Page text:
When Australian guitarist and composer Bryce Jacobs gave up a reasonably successful music career and relocated to the USA ten years ago, his goal was to break into the film industry, and he knew it would be tough. Through hard work and vision, that dream has gradually come to fruition, culminating in his biggest break yet co-scoring the new critically acclaimed Ron Howard movie Rush with legendary German composer Hans Zimmer. As well as working with Zimmer on the score, Bryce's guitar work can be heard all over the film and accompanying soundtrack.
We caught up with Bryce to tell us a little a bit about how he approached writing and recording the music for a movie about Formula One racing...
"The original concept for the music was the ounds of F1 and the 70's meeting modern day cinematic orchestra. Somewhere in that fusion something unique needed to be created to reflect the story faithfully. Niki Lauda was a mathematician and James Hunt was a hedonist, so there needed to be music of precision as well as rock star glory. Amongst all this, a sense of hero and rivalry... and the enticing threat of death needed to always be calling.
Hans asked me to do a suite that was purely made up of guitars that we would then translate to the orchestral and electronic elements. I ended up layering 37 guitars including a 7 octave guitar of my own design. I utilised a lot of Fender gear. My '59 reissue Telecaster took on a haunting left of centre soprano voice persona. Distant and totally verbed out..... it was my kind of "angel of death" colour. For some of the more nerve racking/unsettling moments in the film my Fender lap-steel came in very handy. It's amazing how many textures you can draw out of a lap-steel. I also bought a Fender 5 string a little while back that I pulled in a whole lot of aggressive directions. My Guild jumbo acoustic has always been an excellent companion in my film work - bold, guttural and all encompassing. For the Niki and Marlene honeymoon sequence in Ibiza I used a set of mallets on guitars immersed in synths and orchestra. I had unfortunately sold my Strat when I left Australia in 2008 so had to borrow one (the same that I played on "Savages"). It was integral to the emotion of that cue..... I hated giving that guitar back!!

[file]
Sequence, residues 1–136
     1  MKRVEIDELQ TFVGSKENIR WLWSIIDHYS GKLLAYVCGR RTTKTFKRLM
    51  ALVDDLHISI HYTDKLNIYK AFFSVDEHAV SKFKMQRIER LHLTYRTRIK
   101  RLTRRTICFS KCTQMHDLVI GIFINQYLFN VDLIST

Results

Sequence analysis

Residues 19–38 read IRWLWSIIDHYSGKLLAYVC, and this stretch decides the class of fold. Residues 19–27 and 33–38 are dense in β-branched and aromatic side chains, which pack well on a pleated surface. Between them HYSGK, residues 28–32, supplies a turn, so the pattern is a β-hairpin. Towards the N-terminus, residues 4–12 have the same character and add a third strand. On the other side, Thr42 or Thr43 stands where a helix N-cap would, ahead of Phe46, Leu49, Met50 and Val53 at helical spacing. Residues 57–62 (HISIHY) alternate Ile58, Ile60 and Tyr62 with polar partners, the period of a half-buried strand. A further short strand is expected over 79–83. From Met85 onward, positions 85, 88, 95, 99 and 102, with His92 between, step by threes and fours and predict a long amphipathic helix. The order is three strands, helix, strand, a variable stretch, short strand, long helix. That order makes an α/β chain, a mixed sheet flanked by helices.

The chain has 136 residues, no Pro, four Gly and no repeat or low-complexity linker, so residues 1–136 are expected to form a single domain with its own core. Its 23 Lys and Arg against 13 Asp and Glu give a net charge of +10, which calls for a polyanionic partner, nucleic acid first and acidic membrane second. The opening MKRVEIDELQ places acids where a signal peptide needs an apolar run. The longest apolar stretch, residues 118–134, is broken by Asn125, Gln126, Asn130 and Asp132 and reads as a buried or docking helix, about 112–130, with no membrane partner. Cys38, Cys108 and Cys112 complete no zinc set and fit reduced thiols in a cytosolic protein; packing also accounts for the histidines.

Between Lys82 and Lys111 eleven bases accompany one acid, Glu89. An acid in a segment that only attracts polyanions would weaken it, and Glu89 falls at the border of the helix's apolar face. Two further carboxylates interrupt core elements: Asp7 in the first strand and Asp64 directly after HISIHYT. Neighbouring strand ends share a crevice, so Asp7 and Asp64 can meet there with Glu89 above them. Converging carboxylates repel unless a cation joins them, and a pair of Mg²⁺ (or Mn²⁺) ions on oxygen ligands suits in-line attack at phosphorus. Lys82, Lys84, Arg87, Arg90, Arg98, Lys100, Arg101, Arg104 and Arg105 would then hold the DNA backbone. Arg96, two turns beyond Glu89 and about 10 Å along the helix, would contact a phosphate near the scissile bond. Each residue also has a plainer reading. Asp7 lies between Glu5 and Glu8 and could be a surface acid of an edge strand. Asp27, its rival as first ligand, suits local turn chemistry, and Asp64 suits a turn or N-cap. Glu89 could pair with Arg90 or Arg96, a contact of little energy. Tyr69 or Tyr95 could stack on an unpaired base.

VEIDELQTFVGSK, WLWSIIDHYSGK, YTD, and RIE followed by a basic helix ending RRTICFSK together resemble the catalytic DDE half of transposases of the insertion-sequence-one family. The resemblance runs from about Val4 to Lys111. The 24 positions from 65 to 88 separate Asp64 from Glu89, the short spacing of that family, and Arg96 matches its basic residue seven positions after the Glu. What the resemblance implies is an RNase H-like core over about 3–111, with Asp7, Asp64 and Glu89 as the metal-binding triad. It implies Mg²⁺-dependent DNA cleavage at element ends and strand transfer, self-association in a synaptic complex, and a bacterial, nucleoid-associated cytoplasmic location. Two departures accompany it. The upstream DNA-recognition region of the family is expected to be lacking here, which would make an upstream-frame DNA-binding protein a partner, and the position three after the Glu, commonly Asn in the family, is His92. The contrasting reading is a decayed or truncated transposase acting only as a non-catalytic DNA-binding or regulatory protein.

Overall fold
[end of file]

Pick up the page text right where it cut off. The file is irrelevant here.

An army of slides, capos, ebows and a Fender key chain all had ongoing roles in the search for new ways to make a guitar not sound like a guitar. I needed it to sound like F1 cars, ambition, love, sensuality and death in as visceral way as possible.
Working with Hans and the team was very special. Hans invited me to be a part of the film from the first meeting with Ron Howard and I was able to witness and be a part of movie making at its best. I was really taken when I saw the first cut of the film... all the components were there; a great script by Peter Morgan, outstanding onscreen performances from Chris Hemsworth and Daniel Brühl, brilliant editing by Dan Hanley, and of course, Ron Howard's incredible commitment to get this true story expressed exactly right. I soon realised that "Rush' was one of the best films I'd ever seen.... I was very humbled to be a part of it.
Hans is a music producer in the truest sense. He'll have a vision for a film and then will call on those who he feels will bring something to the film. I was also able to work with the likes of Peter Asher, Steve Lipson and Bob Badami in the process. For me, it was a great honor to be working on a very special film based on an incredible true story. Niki Lauda is still alive and I felt that his trust to the film makers to represent his life and rivalry on screen extended to my role... and I didn't take it lightly. The tagline of the film is "Everyone's driven by something"... and it certainly felt that way for me while working on it. "